In The News
Original Post: Cherry Hills Living January 2014
It seems you can’t open a newspaper or turn on the television without hearing of another case of bullying that has led to a tragic end. Though many people believe something must be done to stop this unnecessary behavior, they are at a loss as to what to do.
Stephanie Schiff, executive director of Connect Us took a courageous step in 2009 and founded a nonprofit organization with a mission to help preschool and elementary age children build self confidence, cultivate positive relationships and thrive socially.
To date, Connect Us has served nearly 500 children after school guided play-groups, summer camp programs and 1,000’s more through recess facilitation programs, manned by trained volunteers and staff.
The key to the success of the program is the integration of three categories of children: Socially Competent who are generally outgoing, social, assertive, positive, confident and leaders who have no problem making friends; Socially At-Risk children, who are typically overly sensitive, anxious, shy, impulsive, controlling and have problems keeping friends; the third group are classified as Socially Disadvantaged who usually have a diagnosis of attention-deficit hyperactivity disorder, autism, learning disability or other anxiety disorder that may inhibit them from interacting with others.
By putting this diverse population of children together in a play situation, they learn from each other and develop not only confidence but tolerance and respect for others. Upon meeting Stephanie, you can’t help but become caught up in her passion for this program. “I just want to help kids,” she said. When her son was 5 years old, she noticed that he was withdrawn and not interactive with the other children on the playground. He has a diagnosis of high-functioning autism and Stephanie realized that there were many more children out there who need help with their social skills.
Dr. Mary Shay, principal at Cottonwood Creek Elementary School is quoted as saying “…Connect Us filled a void by working with children to break down social barriers and to build up the social astuteness of our students.”
Other Cherry Creek schools that have participated in Connect Us with great success are Belleview Elementary, Cherry Hills Village Elementary and High Plains Elementary.
Though the program has made great strides to instill positive social behavior and to teach valuable tools that will help children achieve and be successful, it does come at a small price. Operating a nonprofit is difficult without consistent funding. Stephanie predicts that unless there is an infusion of money soon, Connect Us will have to discontinue the programs provided not only to schools but to individuals through the summer camps. The paid staff includes child therapists, facilitators and a programs coordinator, however, this is a community effort – with hundreds of volunteer hours accumulated each year. Even middle-school students, some who have been through the program, volunteer to help.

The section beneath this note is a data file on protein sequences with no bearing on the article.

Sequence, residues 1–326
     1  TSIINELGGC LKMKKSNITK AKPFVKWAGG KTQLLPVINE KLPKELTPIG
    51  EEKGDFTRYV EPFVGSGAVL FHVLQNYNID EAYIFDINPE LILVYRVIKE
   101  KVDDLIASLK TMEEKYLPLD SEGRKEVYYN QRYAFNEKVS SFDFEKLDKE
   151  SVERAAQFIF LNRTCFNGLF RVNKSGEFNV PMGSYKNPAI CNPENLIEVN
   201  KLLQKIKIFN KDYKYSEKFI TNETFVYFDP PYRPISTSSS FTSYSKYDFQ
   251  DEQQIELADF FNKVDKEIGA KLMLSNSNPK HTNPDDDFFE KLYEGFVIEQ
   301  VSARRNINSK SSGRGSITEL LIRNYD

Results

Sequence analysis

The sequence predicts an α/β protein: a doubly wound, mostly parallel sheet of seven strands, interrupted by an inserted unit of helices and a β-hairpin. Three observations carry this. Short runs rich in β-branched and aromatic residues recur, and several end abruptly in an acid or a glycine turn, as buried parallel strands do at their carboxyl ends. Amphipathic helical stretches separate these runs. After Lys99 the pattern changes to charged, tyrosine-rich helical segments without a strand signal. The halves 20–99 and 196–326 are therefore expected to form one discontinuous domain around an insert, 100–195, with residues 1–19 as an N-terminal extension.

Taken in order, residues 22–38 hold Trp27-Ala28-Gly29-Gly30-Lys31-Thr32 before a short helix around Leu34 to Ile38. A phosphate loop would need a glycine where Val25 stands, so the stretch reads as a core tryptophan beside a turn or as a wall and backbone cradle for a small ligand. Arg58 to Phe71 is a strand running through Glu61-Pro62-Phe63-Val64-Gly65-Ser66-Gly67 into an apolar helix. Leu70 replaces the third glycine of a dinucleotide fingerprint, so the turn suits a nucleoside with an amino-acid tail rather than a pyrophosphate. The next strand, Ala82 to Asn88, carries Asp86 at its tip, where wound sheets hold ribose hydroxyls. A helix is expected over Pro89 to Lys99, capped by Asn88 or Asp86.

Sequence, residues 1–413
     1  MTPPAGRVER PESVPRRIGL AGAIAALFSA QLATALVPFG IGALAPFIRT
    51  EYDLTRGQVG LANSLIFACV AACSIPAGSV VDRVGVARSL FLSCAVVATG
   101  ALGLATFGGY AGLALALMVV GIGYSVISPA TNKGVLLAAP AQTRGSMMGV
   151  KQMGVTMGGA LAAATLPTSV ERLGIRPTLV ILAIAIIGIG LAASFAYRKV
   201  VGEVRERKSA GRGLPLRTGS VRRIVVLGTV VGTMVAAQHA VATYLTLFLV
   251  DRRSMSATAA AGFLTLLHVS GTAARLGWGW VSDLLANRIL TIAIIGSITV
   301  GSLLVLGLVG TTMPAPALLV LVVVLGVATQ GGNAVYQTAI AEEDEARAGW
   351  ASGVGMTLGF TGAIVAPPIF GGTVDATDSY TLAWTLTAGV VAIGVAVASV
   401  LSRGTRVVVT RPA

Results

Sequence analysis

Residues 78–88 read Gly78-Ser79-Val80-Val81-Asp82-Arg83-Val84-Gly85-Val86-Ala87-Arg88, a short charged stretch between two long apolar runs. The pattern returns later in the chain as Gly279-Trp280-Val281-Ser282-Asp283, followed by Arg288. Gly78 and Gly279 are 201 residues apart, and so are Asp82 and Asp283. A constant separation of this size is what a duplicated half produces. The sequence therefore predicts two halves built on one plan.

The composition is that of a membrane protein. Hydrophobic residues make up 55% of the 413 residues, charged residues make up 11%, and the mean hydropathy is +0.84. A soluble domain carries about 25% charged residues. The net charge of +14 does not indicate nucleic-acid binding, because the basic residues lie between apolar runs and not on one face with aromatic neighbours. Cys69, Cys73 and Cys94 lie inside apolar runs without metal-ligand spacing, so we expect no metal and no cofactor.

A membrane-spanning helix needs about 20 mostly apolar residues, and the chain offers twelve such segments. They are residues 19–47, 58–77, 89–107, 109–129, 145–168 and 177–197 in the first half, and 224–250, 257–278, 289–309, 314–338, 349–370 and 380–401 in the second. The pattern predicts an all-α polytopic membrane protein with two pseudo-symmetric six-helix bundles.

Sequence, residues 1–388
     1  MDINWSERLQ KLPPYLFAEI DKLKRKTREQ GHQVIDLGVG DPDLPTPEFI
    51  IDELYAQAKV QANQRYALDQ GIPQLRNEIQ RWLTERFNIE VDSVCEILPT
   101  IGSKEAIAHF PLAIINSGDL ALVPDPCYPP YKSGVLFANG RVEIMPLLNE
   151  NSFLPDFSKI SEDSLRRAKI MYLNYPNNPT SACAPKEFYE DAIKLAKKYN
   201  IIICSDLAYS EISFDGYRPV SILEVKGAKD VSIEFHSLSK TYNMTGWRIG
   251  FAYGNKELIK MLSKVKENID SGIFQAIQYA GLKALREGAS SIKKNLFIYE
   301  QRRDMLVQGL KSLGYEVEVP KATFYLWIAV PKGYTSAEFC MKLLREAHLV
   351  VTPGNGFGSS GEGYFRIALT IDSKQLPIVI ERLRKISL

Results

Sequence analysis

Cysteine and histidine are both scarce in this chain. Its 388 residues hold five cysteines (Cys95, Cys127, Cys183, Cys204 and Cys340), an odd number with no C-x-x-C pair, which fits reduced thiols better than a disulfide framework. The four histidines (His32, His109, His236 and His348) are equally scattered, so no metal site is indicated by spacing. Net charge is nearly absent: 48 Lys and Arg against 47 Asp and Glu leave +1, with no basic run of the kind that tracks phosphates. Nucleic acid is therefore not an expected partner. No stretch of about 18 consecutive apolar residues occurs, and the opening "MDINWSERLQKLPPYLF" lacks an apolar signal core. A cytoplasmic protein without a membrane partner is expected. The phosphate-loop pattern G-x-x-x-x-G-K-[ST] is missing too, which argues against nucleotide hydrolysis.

In 2012 Connect Us held its first fundraiser at Glenwood Country Club featuring a live and silent auction. With approximately 130 guests in attendance, the foundation raised close to $18,000. The next year, a casino-themed event was again held at the Glenwood Country Club in an effort to raise funds for the nonprofit organization. This time, the evening’s funds were nearly $24,000. Though that may seem substantial to some, it is not nearly enough to keep this vital and relevant organization funded so they can provide programs to those children who benefit by Connect Us services.
Stephanie is looking for three main things to help keep Connect Us up and running. First, she needs an infusion of money or sponsorship; second, a team willing to help guide the structure of the organization as it grows; and finally, volunteers who, like Stephanie, have a heart to help children navigate the challenges and cruelty this world may place before them. For more information about Connect Us, please visit www.connectusnow.org.com, or call (303)-773-3960